Nigeria gained independence on 1 October 1960 with a population of 36 million people. Arguably, the most populous country in Africa, the nation has produced exemplary leaders whose contributions to national development will never be forgotten.
- Nnamdi Azikiwe (Governor-General 1960-1963, President 1963-1966).
Azikiwe was known as “the Great Zik of Africa”. He was one of the leading figures of Nigerian Nationalism and the first Nigerian Head of State. During his tenure Nigeria’s first constitution as a federal republic – the 1963 Constitution was promulgated.
His famous quote:
‘My stiffest earthly assignment is ended and my major life’s work is done. My country is now free and I have been honored to be its first indigenous head of state. What more could one desire in life?’
- Johnson Aguiyi-Ironsi (January 1966 – July 1966).
Aguiyi-Ironsi introduced the Unitary System of Government. He was known for his penchant for unusual adornments and had a staff that was the shape of a crocodile.
- Yakubu Gowon (1966-1975).
Gowon ended the Nigerian Civil War (Biafran war), created 12 states and established the National Youth Service Corps programme. He also launched the first National Development Plan and built a modern infrastructure in Lagos.
‘The trouble with military rule is that every colonel or general is soon full of ambition. The navy takes over today and the army tomorrow.’
- Murtala Mohammed (1975-1976).
Murtala Mohammed took a tough stand on indiscipline, created the Federal Capital Territory, Abuja as Nigeria’s new capital after Lagos, created 7 more states bringing the total to 19 and renamed them by removing references to their geographical location. He pursued a dynamic foreign policy that was Africa centric.
‘Africa has come of age; it’s no longer under the orbit of any extra-continental power. It should no longer take orders from any country, no matter how powerful. Gone are the days when Africa will ever bow to the threat of any so-called superpower’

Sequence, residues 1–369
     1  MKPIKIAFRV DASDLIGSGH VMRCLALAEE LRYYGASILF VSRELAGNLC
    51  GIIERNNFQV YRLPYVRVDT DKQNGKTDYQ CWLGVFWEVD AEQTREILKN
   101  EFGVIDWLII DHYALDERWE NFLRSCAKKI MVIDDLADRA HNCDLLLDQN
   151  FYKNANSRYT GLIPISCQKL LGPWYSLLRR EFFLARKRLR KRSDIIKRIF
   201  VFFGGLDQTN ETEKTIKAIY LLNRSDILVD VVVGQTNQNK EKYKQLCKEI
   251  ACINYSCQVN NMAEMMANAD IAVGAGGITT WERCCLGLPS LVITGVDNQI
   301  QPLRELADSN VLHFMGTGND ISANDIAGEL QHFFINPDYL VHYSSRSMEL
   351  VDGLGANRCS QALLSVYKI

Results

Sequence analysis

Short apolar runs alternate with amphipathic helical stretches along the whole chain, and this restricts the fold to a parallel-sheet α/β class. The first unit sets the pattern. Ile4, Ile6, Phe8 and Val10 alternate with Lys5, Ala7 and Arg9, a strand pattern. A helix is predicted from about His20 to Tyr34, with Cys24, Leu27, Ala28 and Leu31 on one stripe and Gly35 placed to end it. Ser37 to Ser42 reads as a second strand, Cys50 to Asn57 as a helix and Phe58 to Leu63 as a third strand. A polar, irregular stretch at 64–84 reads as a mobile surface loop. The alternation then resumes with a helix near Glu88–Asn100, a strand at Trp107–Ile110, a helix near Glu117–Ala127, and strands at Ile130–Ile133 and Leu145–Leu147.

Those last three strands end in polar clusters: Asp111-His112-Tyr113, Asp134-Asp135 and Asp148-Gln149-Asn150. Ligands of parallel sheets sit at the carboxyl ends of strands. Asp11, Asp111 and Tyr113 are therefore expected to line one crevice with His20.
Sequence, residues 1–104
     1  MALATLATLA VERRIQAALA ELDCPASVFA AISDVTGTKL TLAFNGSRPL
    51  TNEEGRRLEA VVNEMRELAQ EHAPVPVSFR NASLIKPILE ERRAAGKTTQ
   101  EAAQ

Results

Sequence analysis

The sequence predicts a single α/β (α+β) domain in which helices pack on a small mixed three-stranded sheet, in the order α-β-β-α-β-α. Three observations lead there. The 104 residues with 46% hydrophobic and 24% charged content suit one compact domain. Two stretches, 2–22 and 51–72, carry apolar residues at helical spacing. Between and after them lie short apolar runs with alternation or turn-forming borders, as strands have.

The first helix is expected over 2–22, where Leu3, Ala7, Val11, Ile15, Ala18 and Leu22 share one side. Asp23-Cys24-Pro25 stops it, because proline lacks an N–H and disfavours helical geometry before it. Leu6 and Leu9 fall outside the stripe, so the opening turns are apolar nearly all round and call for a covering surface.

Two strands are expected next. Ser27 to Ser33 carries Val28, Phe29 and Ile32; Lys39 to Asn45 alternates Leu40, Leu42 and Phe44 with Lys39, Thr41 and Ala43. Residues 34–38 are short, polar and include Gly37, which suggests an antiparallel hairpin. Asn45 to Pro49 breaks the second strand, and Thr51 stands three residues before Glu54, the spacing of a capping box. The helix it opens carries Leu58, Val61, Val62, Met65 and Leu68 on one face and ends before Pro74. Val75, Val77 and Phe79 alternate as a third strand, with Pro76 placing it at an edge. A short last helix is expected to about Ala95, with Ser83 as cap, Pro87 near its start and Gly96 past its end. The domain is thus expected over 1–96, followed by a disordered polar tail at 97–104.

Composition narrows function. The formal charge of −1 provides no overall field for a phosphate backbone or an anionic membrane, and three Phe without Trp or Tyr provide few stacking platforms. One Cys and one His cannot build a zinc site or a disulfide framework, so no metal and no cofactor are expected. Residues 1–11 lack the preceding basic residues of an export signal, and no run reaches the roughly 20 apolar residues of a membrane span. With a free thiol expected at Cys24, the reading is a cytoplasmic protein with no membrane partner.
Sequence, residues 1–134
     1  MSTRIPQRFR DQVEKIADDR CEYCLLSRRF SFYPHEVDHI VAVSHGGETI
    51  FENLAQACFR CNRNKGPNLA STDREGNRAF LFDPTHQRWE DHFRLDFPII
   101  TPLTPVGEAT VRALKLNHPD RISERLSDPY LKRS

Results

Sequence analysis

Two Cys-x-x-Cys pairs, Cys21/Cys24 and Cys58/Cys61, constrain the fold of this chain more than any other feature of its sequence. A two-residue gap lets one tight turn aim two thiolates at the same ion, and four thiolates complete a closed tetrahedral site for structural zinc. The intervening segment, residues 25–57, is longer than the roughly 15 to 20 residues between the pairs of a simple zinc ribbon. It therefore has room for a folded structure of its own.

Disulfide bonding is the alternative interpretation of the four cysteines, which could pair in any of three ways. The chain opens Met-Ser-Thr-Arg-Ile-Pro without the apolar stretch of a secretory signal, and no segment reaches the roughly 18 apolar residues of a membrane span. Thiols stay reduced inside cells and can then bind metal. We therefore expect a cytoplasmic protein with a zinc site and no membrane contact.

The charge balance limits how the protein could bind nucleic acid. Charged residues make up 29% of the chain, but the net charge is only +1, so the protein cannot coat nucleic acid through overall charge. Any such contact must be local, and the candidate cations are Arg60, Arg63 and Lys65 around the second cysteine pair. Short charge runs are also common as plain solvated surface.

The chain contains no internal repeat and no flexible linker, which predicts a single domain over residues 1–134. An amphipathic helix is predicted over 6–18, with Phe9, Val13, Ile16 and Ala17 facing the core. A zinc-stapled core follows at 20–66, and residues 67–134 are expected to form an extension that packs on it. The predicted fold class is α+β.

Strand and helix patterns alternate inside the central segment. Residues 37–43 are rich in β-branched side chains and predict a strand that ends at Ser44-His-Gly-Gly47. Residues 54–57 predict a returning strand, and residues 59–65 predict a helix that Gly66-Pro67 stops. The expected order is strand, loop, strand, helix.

- Olusegun Obasanjo (1976-1979).
Obasanjo reformed agriculture with the ‘Operation Feed the Nation’ programme, was the first Nigerian head of state to hand-over power willingly and hosted FESTAC 77, the largest cultural event ever held on the African Continent.
He built the Warri refinery and Murtala Mohammed International Airport, set up the Joint Admissions and Matriculation Board (JAMB) and introduced Universal Free Primary Education (UPE).
He also inaugurated the constituent assembly that resulted in the promulgation of the 1979 Constitution.
‘When I left office in 1979, I was about the only one who had really left office on my own.’
- Shehu Sagari (1979-1983).
Shagari was known for his food sufficiency programme “Green Revolution”, launched large-scale housing programmes that built estates like the Shagari Estate.
He completed the Delta Steel Complex, and invested heavily in the Ajaokuta Steel Complex and the Steel Rolling Mills.
Shagari was considered a Champion of Democracy.
- Mohammadu Buhari (1983-1985).
“War Against Indiscipline” was the hallmark of Buhari’s administration. He was known to be incorruptible and championed anti-corruption crusades. He also changed the color of the Naira to stem its being hoarded outside the banking system.
‘I have around 150 cattle because I am never comfortable without cows. I have a house each in Kaduna, Kano, Daura and one in Abuja, which I borrowed money to build. I never had a foreign account since I finished my courses in the USA, India and the UK. I never owned any property outside Nigeria. Never’.